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Social Security in Islam – Dr. Ibrahim Syed

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Social Security in Islam


Dr. Ibrahim B. Syed
Islamic Research Foundation International, Inc
7102 W. Shefford lane
Louisville, KY 40242-6462




Social security is a fundamental human need. Sudden sickness, death, disability, disease, unemployment, fire, flood, storm, drowning, accidents related to transportation, and the financial loss caused by them are the reasons, which create this need.  The sufferings from these events take the victim and his dependants towards poverty. The economic situation of the affected people becomes so unsound that they need economic help. This actuality requires that social security should be treated as a basic human need over a very wide range of human activities and situations.


Modern Concept of Social Security

The modern concept of Social Security  has assumed the shape of old-age pension, unemployment benefit, sickness benefit, death grant, disability allowance, family allowance, etc. Some European authors try to trace the evolution of these laws to some practices of the late medieval period. But the truth is that Europe first got acquainted with the laws of social security at the end of the last century only. Before 1883, the functions that now come under social security law, were discharged by private arrangements made chiefly by co-operative movements among workers.

By the beginning of the 20th century most of the European countries initiated promulgation of laws in this direction. In America, except the Workman’s Compensation Act passed in 1908, no significant legislation was enacted until 1935 when the Congress passed the Social Security Act.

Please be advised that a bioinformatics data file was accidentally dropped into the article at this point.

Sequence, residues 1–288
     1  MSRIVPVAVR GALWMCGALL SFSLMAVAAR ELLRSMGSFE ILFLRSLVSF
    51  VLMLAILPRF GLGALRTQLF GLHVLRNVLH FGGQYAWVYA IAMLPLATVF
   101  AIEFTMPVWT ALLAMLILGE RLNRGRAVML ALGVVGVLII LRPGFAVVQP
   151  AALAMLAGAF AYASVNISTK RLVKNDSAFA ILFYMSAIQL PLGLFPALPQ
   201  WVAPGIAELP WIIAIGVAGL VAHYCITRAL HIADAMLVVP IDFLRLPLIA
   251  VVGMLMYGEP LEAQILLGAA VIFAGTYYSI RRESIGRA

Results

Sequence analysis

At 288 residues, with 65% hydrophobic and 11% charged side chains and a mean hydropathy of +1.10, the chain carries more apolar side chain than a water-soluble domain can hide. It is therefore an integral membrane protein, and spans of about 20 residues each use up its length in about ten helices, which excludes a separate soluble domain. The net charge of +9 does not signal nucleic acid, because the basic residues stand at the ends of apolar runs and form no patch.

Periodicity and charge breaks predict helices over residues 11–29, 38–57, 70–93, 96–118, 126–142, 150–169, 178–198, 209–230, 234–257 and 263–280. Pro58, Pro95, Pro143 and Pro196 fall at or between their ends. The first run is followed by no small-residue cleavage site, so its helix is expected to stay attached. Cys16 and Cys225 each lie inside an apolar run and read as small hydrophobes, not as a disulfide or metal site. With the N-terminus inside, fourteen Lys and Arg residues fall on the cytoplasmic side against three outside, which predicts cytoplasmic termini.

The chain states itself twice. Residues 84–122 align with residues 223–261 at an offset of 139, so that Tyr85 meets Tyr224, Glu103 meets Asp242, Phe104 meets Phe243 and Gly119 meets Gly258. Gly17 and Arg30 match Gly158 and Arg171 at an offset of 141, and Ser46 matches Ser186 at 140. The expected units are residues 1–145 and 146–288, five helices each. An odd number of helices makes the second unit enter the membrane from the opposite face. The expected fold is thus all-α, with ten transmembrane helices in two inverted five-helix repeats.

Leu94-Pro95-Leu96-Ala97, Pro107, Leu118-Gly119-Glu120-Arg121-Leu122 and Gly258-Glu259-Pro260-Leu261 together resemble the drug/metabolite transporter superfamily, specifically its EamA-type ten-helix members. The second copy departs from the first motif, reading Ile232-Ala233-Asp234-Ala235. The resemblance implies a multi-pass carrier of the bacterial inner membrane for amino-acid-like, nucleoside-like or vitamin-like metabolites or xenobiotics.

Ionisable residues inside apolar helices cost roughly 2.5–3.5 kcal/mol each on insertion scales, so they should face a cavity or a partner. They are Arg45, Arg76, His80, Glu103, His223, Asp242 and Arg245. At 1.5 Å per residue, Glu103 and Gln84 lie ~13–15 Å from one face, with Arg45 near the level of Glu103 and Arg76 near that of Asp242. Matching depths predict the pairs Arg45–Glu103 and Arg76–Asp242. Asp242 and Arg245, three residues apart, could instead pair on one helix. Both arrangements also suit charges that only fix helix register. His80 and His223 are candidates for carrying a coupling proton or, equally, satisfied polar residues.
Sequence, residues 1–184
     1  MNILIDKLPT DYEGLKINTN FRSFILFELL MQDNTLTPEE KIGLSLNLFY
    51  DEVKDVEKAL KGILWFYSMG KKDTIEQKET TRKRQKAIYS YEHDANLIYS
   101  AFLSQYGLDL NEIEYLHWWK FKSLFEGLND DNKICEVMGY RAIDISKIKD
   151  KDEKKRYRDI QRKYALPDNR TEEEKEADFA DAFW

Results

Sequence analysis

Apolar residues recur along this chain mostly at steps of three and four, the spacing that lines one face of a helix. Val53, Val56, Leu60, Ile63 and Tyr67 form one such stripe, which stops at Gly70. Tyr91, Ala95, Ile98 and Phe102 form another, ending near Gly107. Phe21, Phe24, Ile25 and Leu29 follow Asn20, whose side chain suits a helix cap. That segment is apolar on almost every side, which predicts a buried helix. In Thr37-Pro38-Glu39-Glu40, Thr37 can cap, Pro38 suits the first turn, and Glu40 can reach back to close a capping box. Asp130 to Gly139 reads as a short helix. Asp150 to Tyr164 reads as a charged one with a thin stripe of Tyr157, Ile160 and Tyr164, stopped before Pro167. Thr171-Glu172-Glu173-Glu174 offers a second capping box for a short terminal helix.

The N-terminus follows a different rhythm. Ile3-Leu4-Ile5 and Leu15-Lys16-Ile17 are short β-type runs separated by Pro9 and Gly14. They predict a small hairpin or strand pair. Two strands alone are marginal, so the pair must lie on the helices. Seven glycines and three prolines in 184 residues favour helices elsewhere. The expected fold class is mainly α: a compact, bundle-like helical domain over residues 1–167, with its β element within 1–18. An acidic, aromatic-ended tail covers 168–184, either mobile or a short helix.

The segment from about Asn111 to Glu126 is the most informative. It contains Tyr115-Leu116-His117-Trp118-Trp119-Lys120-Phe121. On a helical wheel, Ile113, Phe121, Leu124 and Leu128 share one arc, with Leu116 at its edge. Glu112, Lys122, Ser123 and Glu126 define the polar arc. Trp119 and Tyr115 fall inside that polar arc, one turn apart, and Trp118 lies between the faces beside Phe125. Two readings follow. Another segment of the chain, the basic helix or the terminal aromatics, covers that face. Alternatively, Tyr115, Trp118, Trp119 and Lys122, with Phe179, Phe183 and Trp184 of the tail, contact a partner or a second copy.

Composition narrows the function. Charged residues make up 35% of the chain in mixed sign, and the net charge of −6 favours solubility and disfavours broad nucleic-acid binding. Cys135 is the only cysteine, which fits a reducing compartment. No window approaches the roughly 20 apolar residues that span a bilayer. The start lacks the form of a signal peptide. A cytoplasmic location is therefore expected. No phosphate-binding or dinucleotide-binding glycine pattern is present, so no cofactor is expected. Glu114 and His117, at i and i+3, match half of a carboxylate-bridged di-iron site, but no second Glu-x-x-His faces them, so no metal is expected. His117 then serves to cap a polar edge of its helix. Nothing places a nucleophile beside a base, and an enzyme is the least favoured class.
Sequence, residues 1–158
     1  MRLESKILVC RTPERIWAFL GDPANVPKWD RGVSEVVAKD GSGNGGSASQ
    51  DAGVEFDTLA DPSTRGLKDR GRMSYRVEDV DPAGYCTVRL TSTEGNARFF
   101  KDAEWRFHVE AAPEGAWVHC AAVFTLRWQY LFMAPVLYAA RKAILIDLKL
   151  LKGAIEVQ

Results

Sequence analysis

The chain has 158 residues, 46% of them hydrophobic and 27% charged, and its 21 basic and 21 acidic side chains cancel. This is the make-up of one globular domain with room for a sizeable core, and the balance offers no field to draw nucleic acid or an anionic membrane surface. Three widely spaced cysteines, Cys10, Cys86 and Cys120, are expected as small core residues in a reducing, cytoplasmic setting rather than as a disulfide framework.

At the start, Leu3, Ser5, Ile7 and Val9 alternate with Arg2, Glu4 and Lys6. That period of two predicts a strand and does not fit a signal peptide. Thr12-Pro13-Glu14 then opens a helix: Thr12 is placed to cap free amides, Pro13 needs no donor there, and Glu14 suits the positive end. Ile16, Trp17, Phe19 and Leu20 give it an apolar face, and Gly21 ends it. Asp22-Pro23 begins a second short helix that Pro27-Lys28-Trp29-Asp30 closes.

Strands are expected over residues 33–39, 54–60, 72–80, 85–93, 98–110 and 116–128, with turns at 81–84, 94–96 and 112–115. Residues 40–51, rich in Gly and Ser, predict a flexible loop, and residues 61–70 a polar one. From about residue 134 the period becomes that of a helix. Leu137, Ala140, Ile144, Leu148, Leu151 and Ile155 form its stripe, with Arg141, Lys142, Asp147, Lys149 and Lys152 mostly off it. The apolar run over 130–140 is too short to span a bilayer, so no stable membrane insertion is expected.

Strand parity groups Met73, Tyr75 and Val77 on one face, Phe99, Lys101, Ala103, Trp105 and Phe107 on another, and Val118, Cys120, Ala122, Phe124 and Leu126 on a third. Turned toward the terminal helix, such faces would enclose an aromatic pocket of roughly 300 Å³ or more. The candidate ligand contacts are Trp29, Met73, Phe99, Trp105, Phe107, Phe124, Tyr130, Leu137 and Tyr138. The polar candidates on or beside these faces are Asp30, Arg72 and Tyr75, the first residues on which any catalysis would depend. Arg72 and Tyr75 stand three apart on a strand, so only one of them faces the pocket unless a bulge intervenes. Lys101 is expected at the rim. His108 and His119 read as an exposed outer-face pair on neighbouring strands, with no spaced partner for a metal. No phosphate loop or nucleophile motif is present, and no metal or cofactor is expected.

In the United States, Social Security provides a minimum “foundation of protection” for retired workers, and for workers and their families who face a loss of income due to disability or the death of a family wage earner. Social Security allows people to live independently and with dignity. About 150 million workers are protected by Social Security, and more than 44 million people receive retirement, survivors and disability benefits from Social Security.

Nowadays these pro­grammes are designed to provide allowances and services to individuals in the event of retirement, sickness, disability, death or unemployment. In particular, it refers to the social insurance portion of that act, which uses contributions made by workers and employers to provide income to people and their families during retirement or in the case of unemployment, disability or death.

Islamic Concept of Social Security 

In Islam, right from the beginning, fulfillment of the basic needs of everyone who is unable to meet his/her needs was conceived to be the concern of the State. Zakat is the first institution of social security in Islam. Payment of 2.5 percent of his/her savings for the zakat fund is one of the fundamental duties of a Muslim. The State is responsible to collect zakat and make arrangements for its distribution. Non-payment of it is equivalent to waging war against the State. The Caliph Abu Bakr subjugated by force all those who refused to pay it.

Non-Muslims are also included in one of the categories of the recipients of zakat. While prescribing laws for the distribution of zakat, the Qur’an includes them among those ‘whose hearts are to be conciliated’.

The Western concepts of social security systems are the outcome of human mind, but the social security system of Islam is Divine in character and based entirely on the Qur’an and Sunnah. It is a system to accomplish the high standard of morality expressed under the term ‘righteousness’. The Glorious Qur’an states: